Nucor

While US steel producers have reason to celebrate the signing of a trade package that includes Trade Promotion Authority (TPA) and Trade Adjustment Assistance (TAA), other manufacturing organizations will also benefit from the opening up of new markets. However, procurement professionals may perceive the legislation less favorably.

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MetalMiner asked Jennifer Diggins, Director of Public Affairs at Nucor, to explain why these trade initiatives are so important for all manufacturers and specifically how the legislation will positively impact metal buyers.

jennifer diggins nucor stillMetalMiner: A lot of your customers purchase imports. How is this legislation helpful to them in any way?

Jennifer Diggins: The legislation is not targeting fairly traded imports. The American steel industry does not have a problem with imports; imports will always be part of our market. But we do have a problem with unfairly traded imports, where governments break trade rules they agreed to and provide illegal subsidies that allow foreign steel producers to sell products below costs.

If a company cheats on price, it raises serious questions about other ways they may be cutting corners to gain an advantage, which could ultimately come back to hurt their customers. We know China has tried to evade duties on some of their steel products by routing them through third-party countries to hide the point of origin and avoid the trade duty. Steel producers in China have also added chemicals to products to avoid trade duties. Several years ago, China added boron to cut-to-length plate to avoid a duty. Nucor brought that case to the attention of the Department of Commerce who ruled that the boron added did not change the product and was subject to the trade duty.

Behavior like this should raise concerns for any customer. If China is willing to bend the rules like this, can you trust claims of product quality? Do you really know what you are buying? A free, transparent marketplace is best for both producers and consumers.

MM: Arguably the Chinese have done a lousy job curbing excess production and shutting down excess capacity. Do you think this legislation will provide the stimulus necessary for Beijing to finally shutter excess and obsolete production? Why/why not?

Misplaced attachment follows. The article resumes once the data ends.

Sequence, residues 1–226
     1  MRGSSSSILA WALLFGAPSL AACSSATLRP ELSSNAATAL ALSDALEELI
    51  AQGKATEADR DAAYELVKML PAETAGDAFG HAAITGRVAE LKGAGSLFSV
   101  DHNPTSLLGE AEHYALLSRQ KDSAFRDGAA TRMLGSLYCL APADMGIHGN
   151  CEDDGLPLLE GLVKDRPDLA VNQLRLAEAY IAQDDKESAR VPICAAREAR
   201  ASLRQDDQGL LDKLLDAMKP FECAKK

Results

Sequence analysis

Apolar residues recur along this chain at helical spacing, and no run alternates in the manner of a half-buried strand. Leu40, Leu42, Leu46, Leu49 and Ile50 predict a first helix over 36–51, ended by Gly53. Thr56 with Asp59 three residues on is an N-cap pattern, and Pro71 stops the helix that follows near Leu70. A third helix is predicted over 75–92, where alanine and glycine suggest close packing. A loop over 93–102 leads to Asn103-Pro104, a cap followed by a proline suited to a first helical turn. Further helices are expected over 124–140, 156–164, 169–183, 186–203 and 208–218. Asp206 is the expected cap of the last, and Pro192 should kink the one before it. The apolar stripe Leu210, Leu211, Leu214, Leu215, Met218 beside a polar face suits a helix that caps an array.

JD: The main goal of the legislation is to provide more effective tools to enforce our trade laws to ensure that countries sending products to our market are playing by the rules. The provisions in this legislation should create a disincentive to dump products in our market, but the legislation is not intended to address overcapacity issues in China.

The capacity problem is a much larger issue and won’t be meaningfully addressed until China gets serious about moving away from being a state-run economy to a market-based economy. Unfortunately, there are few signs they are serious about doing this. Earlier this year, China issued a draft of its Steel Industry Adjustment Policy, saying – as it has for years now – that this new policy will resolve its excess capacity problems. The major steel industry associations from North America, Latin America and Europe issued a joint response, expressing their disappointment that the Policy still shows that China insists on a top-down, state-controlled approach to the steel market. We are all in agreement that the Policy actually is less interested in eliminating excess capacity in China, but instead would seek to transfer capacity overseas through government-supported foreign investments and acquisitions.

It’s clear that China has no interest in letting market forces dictate the size of its steel industry. And so long as China maintains this state-supported approach to market competition, it’s hard to see how they can have a place in any free market economy. This legislation is an important step, and should help any company from any nation that fairly competes in the American marketplace. But so long as China can be successful dumping steel in other foreign markets, it is unlikely the Chinese government will get out of the steel business. We need more concerted action from our trading partners to force China to comply with WTO rules.